Parents share child’s congenital heart disease diagnosis to encourage resilience

Eleanor’s battle with transposition of the great arteries inspires hope in parents

SAN ANTONIO – A local family is sharing the story of their child’s congenital heart disease diagnosis as a way to encourage other families to focus on resilience.

Collin and Sara Young say there was excitement with the arrival of their second child.

“We had ultrasounds pretty much every week up until she was born. And every ultrasound, she looked great, looked beautiful. So, we had no idea anything was going on,” said Sara Young.

But seconds after their child was born on July 23, there was a problem.

Baby Eleanor was purple. Doctors tried oxygen, but it didn’t help, so she was rushed to the NICU.

“She was five days old the first time we got to hold her,” Sara Young said.

Dr. Jennifer Johnson pediatric cardiologist at Pediatrix Cardiology of San Antonio and the team of experts diagnosed Eleanor with transposition of the great arteries, or TGA, a birth defect of the heart in which the two main arteries are abnormally positioned.

“Congenital heart disease is actually 1% to 2% of all pregnancies,” Johnson said.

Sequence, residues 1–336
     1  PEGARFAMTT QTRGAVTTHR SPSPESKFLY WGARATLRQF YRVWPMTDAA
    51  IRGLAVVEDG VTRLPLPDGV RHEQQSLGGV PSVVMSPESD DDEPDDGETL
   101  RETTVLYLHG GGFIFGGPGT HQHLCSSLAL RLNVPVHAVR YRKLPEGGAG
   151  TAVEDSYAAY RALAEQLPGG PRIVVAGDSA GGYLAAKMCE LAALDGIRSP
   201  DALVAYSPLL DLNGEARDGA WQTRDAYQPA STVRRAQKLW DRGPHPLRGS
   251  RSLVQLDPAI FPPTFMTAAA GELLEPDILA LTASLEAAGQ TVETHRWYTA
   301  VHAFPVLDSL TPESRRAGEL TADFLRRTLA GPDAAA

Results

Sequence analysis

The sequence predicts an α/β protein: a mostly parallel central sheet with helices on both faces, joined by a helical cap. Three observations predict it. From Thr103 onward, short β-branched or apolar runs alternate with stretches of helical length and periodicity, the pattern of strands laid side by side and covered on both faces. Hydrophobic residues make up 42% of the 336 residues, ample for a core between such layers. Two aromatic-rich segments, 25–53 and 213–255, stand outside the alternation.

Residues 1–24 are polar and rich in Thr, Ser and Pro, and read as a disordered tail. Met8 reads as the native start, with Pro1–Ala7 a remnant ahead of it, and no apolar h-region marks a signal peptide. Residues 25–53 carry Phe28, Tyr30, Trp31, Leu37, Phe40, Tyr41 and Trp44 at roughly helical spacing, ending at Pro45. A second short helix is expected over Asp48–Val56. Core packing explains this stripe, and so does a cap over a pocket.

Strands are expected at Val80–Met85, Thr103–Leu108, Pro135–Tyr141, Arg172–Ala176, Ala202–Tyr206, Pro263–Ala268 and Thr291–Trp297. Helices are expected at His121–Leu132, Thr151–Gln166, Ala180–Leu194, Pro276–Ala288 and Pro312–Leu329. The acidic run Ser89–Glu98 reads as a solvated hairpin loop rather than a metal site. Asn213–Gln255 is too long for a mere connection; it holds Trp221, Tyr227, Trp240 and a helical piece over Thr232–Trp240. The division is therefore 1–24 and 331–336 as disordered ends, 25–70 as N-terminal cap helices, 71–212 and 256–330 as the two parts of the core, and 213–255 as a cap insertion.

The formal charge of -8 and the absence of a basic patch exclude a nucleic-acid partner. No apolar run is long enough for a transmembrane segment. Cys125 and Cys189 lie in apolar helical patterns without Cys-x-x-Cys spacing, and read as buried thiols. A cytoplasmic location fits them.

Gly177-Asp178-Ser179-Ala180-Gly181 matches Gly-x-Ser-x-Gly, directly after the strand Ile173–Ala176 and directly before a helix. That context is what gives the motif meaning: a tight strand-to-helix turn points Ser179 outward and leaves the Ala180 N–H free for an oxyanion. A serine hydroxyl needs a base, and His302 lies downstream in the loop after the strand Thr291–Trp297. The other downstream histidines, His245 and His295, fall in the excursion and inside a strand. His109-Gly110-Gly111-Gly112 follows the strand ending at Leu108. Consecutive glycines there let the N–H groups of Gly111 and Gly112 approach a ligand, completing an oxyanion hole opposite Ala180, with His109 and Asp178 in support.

Texas-mandated newborn screenings help diagnose these types of defects.

“Most of these kids have oxygen saturation that are, you know, on the lower end of normal,” Johnson said. “And that’s how they’re picked up because of the newborn screening that all — throughout the state of Texas, every child who’s born has to do a newborn screening prior to going home from the newborn nursery.”

They can also be detected before birth, Johnson said. But she always assures parents it’s nothing they could have prevented.

“I feel like I blacked out because you’re just scared. It was hard with Collin having to leave, and then I’m also just waiting for his phone call,” Sara Young said, explaining the rollercoaster she was on after giving birth.

But with Eleanor now turning 6 months and reaching all her milestones, they hope her story will inspire other parents who feel the weight of their child’s diagnosis.

“For other families, if they see themselves in a situation like this, everything in life is just a season. And, you know, it may not be the best and most exciting season of your life, but you can come out of it. And there’s joy,” Sara Young said.

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About the Authors

Patty Santos joined the KSAT 12 News team in July 2017. She has a proven track record of reporting on hard-hitting news that affects the community.

Gavin Nesbitt is a photojournalist and video editor who joined KSAT in September 2021. He has traveled across the great state of Texas to film, conduct interviews and edit many major news stories, including the White Settlement church shooting, Hurricane Hanna, 2020 presidential campaigns, Texas border coverage and the Spurs.

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